In the end, I sense a sort of academic game here, where the editors pretend they are not canon-making when in fact that is what they are inevitably trying to do, nods to populist and demotic writing notwithstanding.
This brings me back to the comment on the back cover, which says that this anthology will “for years to come… be our guide to what’s worth reading – and why.” No. Sorry. I do not believe this. Not only is the statement a flat contradiction of what the editors argue in the Introduction; but it also ignores the unwieldy weight of the tome, which will tend to confine it to institutions and library reference shelves. And even if an accessible e-book version is in the works, the anthology’s selections and omissions are too contentious not to make it subject for frequent comment and criticism. If this aspires to be a “guide” to what is worth reading, then for years people will be lining up to point out its defects.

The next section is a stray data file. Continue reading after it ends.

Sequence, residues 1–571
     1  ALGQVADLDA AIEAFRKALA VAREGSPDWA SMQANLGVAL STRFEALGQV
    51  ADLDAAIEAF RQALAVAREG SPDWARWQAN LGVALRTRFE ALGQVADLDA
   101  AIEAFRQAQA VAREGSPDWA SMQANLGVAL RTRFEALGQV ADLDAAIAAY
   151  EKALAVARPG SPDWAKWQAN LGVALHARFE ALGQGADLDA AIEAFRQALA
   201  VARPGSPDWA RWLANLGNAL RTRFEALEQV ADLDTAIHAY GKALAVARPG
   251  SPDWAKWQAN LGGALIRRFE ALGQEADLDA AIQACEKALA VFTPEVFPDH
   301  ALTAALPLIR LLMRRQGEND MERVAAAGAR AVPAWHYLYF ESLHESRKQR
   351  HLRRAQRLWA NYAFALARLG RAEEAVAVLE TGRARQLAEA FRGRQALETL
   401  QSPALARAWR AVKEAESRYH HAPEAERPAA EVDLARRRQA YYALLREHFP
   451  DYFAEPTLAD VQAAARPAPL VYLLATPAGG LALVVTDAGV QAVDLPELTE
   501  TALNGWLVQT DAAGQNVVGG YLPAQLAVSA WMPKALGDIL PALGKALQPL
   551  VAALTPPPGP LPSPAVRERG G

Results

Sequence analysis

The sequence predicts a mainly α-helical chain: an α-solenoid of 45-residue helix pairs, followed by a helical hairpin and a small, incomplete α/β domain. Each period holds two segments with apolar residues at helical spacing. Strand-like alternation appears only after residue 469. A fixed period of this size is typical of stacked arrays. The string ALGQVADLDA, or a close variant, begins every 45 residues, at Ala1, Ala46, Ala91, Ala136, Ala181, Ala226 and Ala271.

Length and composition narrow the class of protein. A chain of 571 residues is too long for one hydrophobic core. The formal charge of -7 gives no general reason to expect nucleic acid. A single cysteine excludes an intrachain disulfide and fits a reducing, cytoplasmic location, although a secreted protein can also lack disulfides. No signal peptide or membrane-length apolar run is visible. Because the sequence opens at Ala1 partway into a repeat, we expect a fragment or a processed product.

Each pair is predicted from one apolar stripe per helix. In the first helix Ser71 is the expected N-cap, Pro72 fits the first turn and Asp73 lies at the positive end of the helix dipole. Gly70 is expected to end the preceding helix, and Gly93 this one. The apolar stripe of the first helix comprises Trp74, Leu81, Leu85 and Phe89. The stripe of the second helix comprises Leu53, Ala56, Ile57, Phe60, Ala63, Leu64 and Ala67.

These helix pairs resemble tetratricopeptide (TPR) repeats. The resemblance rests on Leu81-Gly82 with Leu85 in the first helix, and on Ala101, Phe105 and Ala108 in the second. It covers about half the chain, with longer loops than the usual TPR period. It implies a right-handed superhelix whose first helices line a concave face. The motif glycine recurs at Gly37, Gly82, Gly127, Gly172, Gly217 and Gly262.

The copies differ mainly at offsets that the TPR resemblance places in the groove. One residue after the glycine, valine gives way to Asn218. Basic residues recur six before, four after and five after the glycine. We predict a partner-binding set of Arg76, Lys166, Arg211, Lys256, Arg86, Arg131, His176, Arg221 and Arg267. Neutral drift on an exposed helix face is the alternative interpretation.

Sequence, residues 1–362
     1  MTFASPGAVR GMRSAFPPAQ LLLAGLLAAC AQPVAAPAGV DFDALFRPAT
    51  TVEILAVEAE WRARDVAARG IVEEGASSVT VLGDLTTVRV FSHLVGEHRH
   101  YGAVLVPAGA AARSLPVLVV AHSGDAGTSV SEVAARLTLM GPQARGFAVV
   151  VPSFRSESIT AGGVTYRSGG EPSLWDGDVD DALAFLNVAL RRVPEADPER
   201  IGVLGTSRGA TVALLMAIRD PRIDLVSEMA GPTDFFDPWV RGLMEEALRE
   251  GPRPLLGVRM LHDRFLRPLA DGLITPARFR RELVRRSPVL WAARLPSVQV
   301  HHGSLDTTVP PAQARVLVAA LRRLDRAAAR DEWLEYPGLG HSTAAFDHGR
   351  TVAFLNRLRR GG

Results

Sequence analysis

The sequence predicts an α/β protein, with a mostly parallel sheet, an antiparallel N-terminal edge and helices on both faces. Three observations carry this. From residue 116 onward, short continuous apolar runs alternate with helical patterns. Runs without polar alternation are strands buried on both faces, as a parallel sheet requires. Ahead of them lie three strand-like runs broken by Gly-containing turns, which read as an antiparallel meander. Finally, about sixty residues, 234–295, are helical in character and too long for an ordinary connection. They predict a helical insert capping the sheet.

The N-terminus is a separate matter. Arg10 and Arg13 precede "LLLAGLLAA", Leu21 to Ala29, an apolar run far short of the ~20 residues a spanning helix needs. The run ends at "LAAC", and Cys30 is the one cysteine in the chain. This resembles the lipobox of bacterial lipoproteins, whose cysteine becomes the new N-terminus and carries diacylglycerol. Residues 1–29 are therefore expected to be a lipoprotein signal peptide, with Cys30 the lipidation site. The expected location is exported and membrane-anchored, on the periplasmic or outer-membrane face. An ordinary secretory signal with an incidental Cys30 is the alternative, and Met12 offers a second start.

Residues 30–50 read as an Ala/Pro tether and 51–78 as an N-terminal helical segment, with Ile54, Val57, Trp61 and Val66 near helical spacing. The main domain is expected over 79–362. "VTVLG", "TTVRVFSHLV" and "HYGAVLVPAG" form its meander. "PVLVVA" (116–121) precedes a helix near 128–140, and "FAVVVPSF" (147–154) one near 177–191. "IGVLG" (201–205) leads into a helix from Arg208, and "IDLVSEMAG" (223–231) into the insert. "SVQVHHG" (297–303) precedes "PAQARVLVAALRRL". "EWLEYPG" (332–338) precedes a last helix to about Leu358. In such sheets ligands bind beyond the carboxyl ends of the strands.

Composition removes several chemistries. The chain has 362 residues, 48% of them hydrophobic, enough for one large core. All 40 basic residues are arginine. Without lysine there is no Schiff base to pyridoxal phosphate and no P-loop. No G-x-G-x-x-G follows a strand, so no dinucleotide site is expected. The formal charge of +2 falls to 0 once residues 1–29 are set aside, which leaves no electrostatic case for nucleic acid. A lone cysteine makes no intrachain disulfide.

By the way, I am absolutely delighted that my good mate Iain Sharp gets a look-in with his love poem to his good mate Joy. But I’m not sure that even this pleasure reconciles me to the absence of O’Sullivan, Frame, Reeve and co.